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Oil Prices Fall Below $61 a Barrel | ASHARQ AL-AWSAT English Archive 2005 -2017
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SINGAPORE (AP) -Oil prices edged lower in Asian trading Wednesday on continued mild winter weather in the United States, a major consumer of heating oil and gasoline.

Light, sweet crude for February delivery dropped 13 cents to $60.92 a barrel in Asian electronic trading on the New York Mercantile Exchange mid-afternoon in Singapore. The contract rose 2 cents to settle at $61.07 a barrel Tuesday in light electronic trading.

Brent crude contract for February delivery rose 24 cents to $60.68 a barrel on the ICE Futures exchange in London.

“The warm U.S. weather is expected to depress heating fuel demand,” said Victor Shum, an analyst with Purvin & Gertz in Singapore. Temperatures in New York City on New Year’s Day hit a peak of 54 degrees, much warmer than normal.

Many analysts expect crude oil futures to stay on average above $60 a barrel this year because of robust demand growth in Asia and the Middle East, efforts by the Organization of Petroleum Exporting Countries to trim supply and market-rattling instability in energy-rich countries such as Nigeria and Iraq.

OPEC’s concerns that high global stockpiles and sluggish demand would undermine prices led it to agree on a 1.2 million barrel-a-day crude oil output cut in November and a further 500,000 barrel-a-day cut to take place Feb. 1.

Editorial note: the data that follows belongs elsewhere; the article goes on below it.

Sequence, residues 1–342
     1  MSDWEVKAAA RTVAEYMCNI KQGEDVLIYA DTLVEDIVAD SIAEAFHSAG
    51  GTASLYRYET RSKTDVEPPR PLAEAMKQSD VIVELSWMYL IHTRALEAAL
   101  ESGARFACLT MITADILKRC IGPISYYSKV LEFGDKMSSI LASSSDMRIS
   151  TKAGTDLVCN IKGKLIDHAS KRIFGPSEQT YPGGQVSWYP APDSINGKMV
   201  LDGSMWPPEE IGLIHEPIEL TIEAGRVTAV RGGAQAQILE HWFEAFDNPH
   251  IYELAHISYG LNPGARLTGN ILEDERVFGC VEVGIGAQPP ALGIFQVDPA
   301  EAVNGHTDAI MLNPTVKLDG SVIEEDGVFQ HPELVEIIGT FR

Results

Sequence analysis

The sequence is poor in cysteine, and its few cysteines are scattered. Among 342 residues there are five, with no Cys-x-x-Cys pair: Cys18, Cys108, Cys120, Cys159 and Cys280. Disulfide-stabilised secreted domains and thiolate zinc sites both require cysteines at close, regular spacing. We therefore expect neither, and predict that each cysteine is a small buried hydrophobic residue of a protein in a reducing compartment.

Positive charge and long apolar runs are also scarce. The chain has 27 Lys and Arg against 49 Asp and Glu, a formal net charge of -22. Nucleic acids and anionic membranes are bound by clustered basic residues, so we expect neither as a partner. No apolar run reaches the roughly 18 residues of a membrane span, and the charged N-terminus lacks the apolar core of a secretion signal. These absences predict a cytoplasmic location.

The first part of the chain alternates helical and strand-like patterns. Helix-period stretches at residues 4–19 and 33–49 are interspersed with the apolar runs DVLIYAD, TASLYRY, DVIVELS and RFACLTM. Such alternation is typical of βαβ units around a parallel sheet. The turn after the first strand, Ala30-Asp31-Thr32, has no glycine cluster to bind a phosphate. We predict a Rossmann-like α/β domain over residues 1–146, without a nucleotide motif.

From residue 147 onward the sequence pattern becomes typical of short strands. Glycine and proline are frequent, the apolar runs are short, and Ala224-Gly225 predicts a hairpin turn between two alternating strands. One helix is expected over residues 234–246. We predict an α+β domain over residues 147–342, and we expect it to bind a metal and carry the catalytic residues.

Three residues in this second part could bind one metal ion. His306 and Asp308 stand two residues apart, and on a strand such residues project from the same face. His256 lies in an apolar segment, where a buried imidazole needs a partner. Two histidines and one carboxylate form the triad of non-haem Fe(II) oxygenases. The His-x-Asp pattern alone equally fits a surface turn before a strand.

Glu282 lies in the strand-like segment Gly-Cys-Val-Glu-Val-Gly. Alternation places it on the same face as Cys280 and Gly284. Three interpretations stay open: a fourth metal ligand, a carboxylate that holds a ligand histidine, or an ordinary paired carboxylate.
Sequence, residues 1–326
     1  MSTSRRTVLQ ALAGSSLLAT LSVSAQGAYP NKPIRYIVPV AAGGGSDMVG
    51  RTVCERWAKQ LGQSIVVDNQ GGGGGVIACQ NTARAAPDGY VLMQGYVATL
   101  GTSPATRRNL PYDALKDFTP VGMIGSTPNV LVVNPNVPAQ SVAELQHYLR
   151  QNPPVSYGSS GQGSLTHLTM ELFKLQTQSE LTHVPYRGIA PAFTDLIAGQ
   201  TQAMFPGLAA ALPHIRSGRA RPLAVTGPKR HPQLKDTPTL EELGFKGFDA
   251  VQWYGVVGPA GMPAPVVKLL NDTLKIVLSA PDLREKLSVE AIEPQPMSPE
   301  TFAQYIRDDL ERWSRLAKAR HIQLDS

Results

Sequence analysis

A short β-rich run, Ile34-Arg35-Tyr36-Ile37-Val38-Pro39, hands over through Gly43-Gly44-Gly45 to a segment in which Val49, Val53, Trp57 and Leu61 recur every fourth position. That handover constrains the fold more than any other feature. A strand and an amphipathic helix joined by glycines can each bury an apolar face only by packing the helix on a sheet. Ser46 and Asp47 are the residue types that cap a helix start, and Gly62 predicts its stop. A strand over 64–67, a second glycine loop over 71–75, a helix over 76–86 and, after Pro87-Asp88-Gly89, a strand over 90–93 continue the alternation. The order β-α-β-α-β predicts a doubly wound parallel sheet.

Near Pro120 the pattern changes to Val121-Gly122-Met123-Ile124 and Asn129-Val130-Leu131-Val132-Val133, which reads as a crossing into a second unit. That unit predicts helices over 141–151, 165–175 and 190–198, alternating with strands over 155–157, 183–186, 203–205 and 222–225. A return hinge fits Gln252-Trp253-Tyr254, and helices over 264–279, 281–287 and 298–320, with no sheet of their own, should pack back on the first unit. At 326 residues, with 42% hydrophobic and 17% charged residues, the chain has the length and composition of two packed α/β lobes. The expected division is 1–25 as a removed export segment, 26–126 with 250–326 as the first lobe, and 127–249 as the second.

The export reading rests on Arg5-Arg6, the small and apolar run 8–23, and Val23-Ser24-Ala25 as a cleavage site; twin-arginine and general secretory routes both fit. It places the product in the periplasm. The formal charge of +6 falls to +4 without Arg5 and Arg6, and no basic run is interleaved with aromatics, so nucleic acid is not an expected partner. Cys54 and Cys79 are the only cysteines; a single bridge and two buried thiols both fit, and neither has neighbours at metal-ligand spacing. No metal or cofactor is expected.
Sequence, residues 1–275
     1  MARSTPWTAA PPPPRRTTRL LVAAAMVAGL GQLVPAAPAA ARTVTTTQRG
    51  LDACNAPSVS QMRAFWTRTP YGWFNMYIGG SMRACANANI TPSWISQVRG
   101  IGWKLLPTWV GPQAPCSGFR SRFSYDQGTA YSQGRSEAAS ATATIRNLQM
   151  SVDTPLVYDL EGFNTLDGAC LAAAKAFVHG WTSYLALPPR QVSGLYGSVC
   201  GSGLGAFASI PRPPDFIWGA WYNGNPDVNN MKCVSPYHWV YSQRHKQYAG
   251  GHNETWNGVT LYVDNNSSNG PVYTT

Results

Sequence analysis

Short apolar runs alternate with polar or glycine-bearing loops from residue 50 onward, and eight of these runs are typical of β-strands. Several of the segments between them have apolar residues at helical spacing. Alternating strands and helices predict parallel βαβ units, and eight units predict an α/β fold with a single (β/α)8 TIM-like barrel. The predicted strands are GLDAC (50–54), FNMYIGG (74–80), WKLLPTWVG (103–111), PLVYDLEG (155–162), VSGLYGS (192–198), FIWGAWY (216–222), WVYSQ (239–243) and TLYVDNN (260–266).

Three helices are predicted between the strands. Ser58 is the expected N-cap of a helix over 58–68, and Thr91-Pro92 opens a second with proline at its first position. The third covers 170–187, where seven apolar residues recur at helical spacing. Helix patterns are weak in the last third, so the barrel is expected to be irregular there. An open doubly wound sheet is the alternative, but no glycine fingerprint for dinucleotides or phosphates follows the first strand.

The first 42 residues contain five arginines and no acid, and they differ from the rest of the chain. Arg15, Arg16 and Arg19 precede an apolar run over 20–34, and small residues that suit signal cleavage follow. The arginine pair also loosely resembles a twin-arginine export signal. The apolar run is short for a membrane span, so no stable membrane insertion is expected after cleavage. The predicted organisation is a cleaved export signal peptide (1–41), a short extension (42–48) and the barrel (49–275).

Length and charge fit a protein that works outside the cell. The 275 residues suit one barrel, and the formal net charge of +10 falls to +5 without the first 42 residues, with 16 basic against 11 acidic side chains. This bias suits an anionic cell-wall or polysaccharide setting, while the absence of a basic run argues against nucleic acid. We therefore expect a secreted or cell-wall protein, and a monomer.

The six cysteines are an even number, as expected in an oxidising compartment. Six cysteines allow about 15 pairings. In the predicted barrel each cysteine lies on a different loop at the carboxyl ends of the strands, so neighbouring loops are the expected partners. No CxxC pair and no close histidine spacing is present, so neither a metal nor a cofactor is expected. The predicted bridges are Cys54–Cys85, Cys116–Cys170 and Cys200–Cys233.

“For 2007, oil pricing is likely going to be stubbornly high, with the OPEC group looking like it will want to defend a $55 floor under prices,” Shum said, adding he projected crude futures would sit in the $60-$65 a barrel range. “With ongoing geopolitical concerns such as Iran and Nigeria, the market will also tend to have buyers on the high side.”

Slower economic growth in the U.S. and a production spurt from non-OPEC countries should keep prices below the 2006 average of roughly $66 a barrel, analysts say.

A survey of energy analysts showed U.S. crude oil stocks were expected to decline for a fifth straight week in data due Thursday from the federal Energy Information Administration. The data, which will cover the week ended Dec. 22, have been delayed until Thursday because of the three-day Christmas holiday.

Crude stocks were expected to show a draw of 1.32 million barrels on average, a Dow Jones Newswires survey said, while both distillate and gasoline stocks were predicted to rise.

Distillate stocks, which include heating oil and diesel fuel, are expected to increase by an average of 220,000 barrels while gasoline inventories were seen rising by an average of 590,000 barrels.

Heating oil futures lost 0.37 cent to $1.6445 a gallon while natural gas prices fell 2.4 cents to $6.275 a gallon.